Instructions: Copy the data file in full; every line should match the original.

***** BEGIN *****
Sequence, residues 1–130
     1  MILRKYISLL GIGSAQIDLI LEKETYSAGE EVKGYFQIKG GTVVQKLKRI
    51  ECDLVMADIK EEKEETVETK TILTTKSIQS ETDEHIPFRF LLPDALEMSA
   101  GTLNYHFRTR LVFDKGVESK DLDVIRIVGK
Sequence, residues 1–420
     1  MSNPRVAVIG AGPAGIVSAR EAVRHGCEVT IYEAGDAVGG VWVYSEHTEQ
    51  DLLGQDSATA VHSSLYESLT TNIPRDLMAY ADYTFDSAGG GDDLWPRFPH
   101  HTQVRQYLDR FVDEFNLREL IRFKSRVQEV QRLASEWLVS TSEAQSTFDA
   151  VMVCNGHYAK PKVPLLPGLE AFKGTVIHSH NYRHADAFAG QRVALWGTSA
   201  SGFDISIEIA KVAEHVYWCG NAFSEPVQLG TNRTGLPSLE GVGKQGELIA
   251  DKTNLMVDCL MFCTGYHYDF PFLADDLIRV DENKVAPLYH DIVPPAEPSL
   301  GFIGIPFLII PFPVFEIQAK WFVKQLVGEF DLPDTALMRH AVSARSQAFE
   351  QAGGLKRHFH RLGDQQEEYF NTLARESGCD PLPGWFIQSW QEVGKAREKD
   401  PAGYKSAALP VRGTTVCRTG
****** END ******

Sequence, residues 1–130
     1  MILRKYISLL GIGSAQIDLI LEKETYSAGE EVKGYFQIKG GTVVQKLKRI
    51  ECDLVMADIK EEKEETVETK TILTTKSIQS ETDEHIPFRF LLPDALEMSA
   101  GTLNYHFRTR LVFDKGVESK DLDVIRIVGK
Sequence, residues 1–420
     1  MSNPRVAVIG AGPAGIVSAR EAVRHGCEVT IYEAGDAVGG VWVYSEHTEQ
    51  DLLGQDSATA VHSSLYESLT TNIPRDLMAY ADYTFDSAGG GDDLWPRFPH
   101  HTQVRQYLDR FVDEFNLREL IRFKSRVQEV QRLASEWLVS TSEAQSTFDA
   151  VMVCNGHYAK PKVPLLPGLE AFKGTVIHSH NYRHADAFAG QRVALWGTSA
   201  SGFDISIEIA KVAEHVYWCG NAFSEPVQLG TNRTGLPSLE GVGKQGELIA
   251  DKTNLMVDCL MFCTGYHYDF PFLADDLIRV DENKVAPLYH DIVPPAEPSL
   301  GFIGIPFLII PFPVFEIQAK WFVKQLVGEF DLPDTALMRH AVSARSQAFE
   351  QAGGLKRHFH RLGDQQEEYF NTLARESGCD PLPGWFIQSW QEVGKAREKD
   401  PAGYKSAALP VRGTTVCRTG